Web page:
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OpenAI isn’t done making waves in the media industry — far from it.
The Sam Altman-led private company behind ChatGPT, last valued at close to $30 billion, today announced it has struck a partnership with the American Journalism Project (AJP), a non-profit philanthropic organization that has funded more than 40 media organizations across the U.S., in which OpenAI will gain access to more news articles and multimedia upon which to train its content, and the AJP will get money and developer credits.
Among the many newsrooms that AJP has funded are some that have become staples of their coverage areas, including the New York City-based “The City,” national education outlet Chalkbeat and national criminal justice publication The Marshall Project.
The new partnership, announced less than a week after OpenAI confirmed a deal of undisclosed value with the Associated Press newswire service to scan articles to train its AI models, will see OpenAI provide $5 million in cash to the AJP and an additional $5 million-worth of OpenAI API credits to some of the AJP’s portfolio companies. This will allow them to build applications that use OpenAI’s technologies, including ChatGPT and the underlying GPT-3.5 and 4 models large language models (LLMs).
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Augmenting local journalists or replacing them?
For example, a newsroom could theoretically build an internal tool for reporters that allows them to rapidly create charts and data visualizations for news articles using ChatGPT Code Interpreter, eliminating the need to hire in-house specialty data journalists or outside consultants to do the work.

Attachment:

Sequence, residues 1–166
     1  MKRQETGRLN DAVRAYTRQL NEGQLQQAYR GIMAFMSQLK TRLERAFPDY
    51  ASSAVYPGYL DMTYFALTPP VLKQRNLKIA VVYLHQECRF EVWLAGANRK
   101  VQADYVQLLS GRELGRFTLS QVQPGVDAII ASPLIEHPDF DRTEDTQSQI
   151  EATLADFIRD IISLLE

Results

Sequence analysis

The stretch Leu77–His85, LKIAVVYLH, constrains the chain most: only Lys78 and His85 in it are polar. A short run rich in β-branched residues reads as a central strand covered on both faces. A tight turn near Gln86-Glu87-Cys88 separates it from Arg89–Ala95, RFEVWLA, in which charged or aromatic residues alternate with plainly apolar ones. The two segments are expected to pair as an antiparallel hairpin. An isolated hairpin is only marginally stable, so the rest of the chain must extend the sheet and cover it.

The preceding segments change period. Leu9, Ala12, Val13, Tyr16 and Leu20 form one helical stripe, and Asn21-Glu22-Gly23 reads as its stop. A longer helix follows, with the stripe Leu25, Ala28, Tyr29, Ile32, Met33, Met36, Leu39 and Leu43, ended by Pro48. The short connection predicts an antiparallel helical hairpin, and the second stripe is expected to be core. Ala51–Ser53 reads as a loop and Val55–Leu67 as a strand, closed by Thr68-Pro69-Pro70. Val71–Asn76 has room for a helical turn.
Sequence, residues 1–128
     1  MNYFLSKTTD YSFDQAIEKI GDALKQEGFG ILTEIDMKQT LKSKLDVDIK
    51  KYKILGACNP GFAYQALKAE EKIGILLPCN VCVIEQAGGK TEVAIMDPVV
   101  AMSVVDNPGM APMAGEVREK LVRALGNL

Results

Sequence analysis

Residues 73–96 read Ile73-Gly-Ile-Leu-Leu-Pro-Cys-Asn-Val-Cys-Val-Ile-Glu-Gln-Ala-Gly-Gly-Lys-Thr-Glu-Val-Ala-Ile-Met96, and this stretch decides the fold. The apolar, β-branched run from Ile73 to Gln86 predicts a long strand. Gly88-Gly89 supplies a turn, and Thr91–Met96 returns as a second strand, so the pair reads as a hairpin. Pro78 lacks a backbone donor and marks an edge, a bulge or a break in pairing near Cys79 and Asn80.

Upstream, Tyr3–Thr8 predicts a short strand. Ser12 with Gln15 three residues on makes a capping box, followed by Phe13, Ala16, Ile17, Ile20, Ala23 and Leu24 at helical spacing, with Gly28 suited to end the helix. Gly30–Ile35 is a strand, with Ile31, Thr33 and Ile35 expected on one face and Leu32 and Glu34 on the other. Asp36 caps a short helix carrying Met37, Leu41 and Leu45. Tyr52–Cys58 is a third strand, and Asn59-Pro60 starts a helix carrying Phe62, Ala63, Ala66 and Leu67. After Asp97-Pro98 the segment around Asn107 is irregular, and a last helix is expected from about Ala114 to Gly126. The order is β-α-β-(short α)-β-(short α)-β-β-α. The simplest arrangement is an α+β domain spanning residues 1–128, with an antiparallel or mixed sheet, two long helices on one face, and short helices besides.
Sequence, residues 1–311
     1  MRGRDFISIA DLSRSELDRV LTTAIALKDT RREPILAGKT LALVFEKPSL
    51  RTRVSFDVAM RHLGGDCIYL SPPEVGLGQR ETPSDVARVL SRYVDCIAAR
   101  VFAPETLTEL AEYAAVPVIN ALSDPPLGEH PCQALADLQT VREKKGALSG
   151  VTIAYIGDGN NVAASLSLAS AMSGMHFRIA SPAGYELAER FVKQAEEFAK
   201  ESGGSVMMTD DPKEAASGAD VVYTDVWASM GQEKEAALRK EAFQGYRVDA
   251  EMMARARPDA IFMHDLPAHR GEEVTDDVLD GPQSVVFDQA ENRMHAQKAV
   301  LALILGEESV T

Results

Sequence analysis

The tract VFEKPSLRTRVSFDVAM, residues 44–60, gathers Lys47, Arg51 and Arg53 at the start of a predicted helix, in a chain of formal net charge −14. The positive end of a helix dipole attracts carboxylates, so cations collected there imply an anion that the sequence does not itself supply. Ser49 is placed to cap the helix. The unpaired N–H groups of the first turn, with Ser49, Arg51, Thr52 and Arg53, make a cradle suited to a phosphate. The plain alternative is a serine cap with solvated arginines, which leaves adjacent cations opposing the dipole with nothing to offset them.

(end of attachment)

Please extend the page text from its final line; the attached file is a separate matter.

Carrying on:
Cofounded by venture capitalist Texas Tribune founder John Thornton and Chalkbeat founder Elizabeth Green, AJP was launched in 2019 to support local news in the U.S. It has since raised more than $134 million from dozens of organizations including the Facebook Journalism Project and the Emerson Collective (the latter founded by Laurene Powell Jobs, the widow of the late Apple, Inc. founder).
Its mission is to support “high-quality local news that is governed by, sustained by and looks like the public it serves,” and to help “build a new generation of newsrooms.”
As such, it does not want to see journalist jobs gutted by technology like OpenAI’s ChatGPT or similar.
“We think it’s essential that generative AI is used as a tool for journalists, not as a replacement,” said Sarabeth Berman, CEO of The American Journalism Project, in a statement emailed to VentureBeat. “We are focused on growing the local news industry and adding jobs to the local news organizations in our portfolio…This partnership is intended to explore if Generative AI can improve workflows so that editorial staff can spend more time on hard-hitting reporting and the stories that matter most to the communities they serve. It is crucial to explore the ways in which AI could potentially support local organization’s efforts to be sustainable and enable them to produce more of the work critical to their audiences.”